More than 250 Palestinians released from Israeli prisons have received a rapturous welcome from relatives and friends in Ramallah, on the West Bank.
Thousands of other Palestinians are still being held in Israeli prisons
Palestinian Authority President Mahmoud Abbas called them "heroes of freedom".
Israel agreed to the releases as a gesture of support to Mr Abbas whose Fatah faction is locked in a bitter power struggle with its Hamas rivals.
None of the freed prisoners is from Hamas, which took over the Gaza Strip from Fatah in deadly fighting in June.
Many Palestinians are saying that freeing only 256 Palestinian prisoners out of some 10,000 is not enough, says the BBC's Ali Maqbool in Ramallah.
"I thank God that we are honoured by the return of heroes of freedom to their home and the bosom of their homeland," said Mr Abbas to the freed Palestinians and hundreds of their family and friends.
He said he would work for the release of the other prisoners still held in Israeli jails.
The freed Palestinians were taken from prisons in Israel to a checkpoint outside Ramallah.
Many kissed the ground before boarding Palestinian coaches for the journey into Ramallah for their reception at Mr Abbas's presidential compound.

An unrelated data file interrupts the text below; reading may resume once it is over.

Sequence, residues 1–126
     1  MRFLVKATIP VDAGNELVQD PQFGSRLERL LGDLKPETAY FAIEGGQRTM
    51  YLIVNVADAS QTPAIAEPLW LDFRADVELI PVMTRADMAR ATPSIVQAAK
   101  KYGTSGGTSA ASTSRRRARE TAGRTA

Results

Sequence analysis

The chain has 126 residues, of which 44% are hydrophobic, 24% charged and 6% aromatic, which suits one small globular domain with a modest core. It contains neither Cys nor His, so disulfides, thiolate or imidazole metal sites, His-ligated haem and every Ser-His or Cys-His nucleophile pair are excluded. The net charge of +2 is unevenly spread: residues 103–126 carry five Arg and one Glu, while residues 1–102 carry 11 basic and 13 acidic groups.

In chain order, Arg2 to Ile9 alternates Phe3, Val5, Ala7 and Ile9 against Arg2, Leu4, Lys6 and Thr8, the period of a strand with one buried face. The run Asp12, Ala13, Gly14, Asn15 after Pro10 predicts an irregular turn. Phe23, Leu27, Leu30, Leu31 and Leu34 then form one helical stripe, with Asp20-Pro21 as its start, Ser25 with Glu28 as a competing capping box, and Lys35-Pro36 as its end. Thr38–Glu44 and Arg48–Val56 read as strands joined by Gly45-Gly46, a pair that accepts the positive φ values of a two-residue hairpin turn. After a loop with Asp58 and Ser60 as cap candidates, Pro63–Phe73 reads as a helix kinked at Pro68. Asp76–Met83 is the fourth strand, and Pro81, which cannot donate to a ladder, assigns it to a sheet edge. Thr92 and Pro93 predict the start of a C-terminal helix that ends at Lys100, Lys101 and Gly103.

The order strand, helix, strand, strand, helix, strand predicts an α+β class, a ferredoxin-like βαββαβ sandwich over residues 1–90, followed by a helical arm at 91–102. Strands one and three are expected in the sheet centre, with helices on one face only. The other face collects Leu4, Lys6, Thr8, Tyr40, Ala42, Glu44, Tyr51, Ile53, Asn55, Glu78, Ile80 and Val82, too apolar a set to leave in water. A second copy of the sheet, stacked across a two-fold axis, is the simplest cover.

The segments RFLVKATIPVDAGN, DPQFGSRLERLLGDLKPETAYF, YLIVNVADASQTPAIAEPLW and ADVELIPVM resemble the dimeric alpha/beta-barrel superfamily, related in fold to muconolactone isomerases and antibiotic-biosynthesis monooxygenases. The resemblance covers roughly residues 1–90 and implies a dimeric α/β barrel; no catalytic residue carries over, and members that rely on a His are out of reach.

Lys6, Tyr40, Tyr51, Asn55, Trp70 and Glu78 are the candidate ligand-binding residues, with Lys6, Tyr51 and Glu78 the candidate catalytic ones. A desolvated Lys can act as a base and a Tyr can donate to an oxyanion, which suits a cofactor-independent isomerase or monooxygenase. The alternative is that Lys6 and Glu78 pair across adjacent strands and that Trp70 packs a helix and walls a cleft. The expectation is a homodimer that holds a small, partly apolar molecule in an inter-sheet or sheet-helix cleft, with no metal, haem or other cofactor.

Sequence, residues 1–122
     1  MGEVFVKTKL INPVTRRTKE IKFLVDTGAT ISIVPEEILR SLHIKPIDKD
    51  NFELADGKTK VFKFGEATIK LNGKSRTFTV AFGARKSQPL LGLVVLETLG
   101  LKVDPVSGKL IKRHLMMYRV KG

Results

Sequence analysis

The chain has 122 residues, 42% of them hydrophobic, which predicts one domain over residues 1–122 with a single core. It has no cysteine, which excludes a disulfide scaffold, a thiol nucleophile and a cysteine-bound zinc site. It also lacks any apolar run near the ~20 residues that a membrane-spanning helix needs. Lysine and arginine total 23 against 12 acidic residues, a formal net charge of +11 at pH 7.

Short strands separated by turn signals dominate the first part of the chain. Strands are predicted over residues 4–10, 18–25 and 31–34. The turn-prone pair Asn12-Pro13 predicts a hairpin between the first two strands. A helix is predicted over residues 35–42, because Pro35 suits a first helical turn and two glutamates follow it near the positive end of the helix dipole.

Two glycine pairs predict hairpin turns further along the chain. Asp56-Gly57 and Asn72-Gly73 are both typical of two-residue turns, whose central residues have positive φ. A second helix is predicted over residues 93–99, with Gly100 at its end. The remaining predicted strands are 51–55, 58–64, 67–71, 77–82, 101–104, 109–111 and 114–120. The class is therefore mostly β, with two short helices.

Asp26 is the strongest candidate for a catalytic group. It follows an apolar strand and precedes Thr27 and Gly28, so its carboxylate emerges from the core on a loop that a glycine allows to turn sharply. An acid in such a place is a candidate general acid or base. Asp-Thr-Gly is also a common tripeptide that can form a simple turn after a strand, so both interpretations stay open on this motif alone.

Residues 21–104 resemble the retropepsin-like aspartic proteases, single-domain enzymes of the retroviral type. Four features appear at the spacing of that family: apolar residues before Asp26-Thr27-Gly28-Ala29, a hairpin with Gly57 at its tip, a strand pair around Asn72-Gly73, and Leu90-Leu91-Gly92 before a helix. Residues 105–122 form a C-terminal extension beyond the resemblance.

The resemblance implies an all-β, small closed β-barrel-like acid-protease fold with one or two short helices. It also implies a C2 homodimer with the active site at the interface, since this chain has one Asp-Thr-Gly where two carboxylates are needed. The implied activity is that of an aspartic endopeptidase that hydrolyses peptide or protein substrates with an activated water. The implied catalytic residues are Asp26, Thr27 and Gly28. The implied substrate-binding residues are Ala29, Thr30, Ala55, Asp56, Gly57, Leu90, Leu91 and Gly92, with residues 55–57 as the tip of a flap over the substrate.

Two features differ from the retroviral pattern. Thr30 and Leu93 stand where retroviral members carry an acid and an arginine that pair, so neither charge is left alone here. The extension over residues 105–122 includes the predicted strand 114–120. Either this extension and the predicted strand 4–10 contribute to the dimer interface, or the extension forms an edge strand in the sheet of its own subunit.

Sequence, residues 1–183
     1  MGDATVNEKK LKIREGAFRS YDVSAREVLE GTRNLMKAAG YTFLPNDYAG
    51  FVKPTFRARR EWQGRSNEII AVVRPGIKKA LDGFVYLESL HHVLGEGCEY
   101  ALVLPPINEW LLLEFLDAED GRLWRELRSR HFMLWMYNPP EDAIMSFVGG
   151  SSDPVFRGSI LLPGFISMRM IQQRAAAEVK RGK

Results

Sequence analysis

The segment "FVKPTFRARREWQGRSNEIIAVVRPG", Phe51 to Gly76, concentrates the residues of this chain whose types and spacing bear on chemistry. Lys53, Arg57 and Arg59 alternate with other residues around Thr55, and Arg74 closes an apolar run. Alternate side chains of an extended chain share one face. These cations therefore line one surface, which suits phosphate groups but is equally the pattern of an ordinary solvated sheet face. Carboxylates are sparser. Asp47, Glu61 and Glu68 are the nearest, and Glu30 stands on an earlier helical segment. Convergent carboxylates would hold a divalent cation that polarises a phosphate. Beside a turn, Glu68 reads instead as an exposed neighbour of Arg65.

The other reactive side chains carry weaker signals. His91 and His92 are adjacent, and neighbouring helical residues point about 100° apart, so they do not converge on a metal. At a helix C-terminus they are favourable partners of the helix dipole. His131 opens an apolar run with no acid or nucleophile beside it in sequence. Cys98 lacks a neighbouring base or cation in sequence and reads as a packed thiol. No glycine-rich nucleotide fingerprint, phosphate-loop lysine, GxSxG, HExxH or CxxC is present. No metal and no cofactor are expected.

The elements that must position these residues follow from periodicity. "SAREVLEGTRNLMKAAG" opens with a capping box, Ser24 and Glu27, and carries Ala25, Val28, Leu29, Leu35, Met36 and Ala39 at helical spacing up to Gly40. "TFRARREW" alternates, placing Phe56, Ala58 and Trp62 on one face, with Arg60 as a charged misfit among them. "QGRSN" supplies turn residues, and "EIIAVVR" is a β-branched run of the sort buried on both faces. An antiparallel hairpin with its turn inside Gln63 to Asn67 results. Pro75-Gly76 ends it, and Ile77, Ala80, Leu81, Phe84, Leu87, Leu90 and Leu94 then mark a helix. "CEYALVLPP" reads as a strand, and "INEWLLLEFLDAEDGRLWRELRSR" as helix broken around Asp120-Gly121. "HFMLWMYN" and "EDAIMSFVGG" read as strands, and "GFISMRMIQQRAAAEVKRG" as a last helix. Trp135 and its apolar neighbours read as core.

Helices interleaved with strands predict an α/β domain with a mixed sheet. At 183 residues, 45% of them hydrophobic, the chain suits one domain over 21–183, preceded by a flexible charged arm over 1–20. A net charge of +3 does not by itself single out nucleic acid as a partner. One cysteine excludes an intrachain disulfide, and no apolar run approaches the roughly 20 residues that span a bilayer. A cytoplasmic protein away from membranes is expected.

As the coaches arrived at Mr Abbas's compound they were greeted by a euphoric crowd, many waving Palestinian flags.
"I only have three words to say: freedom, freedom, freedom," said Abdel Rahim Malluh, deputy leader of the Popular Front for the Liberation of Palestine, and the most well-known of the released prisoners.
While the release of the prisoners is welcome news for Palestinians, says the BBC's Middle East analyst Roger Hardy, many note that the Israelis have been very selective.
They are for the most part low-security prisoners who have already served most of their sentences.
None of them is considered by Israel to have "blood on their hands" - to have been directly involved in attacks that wounded or killed Israelis.
'Policy of division'
The prisoner release was approved two weeks ago by Prime Minister Ehud Olmert's cabinet.
Israel hopes to boost support for Mr Abbas whose emergency government based in the West Bank excludes the radicals of Hamas.
Mr Abbas said the released prisoners were "heroes of freedom"
"We're hopeful that the combined steps by the Israeli government and the Palestinian government can bring about a new period of co-operation and dialogue," said Israeli Foreign Ministry spokesman Mark Regev.
Hamas says the release of Fatah-affiliated prisoners reinforces Mr Abbas's policy to deepen the divide between his organisation and Hamas.
The last time Israel freed a significant number of Palestinian prisoners was in 2005, when almost 400 were released as part of a ceasefire deal.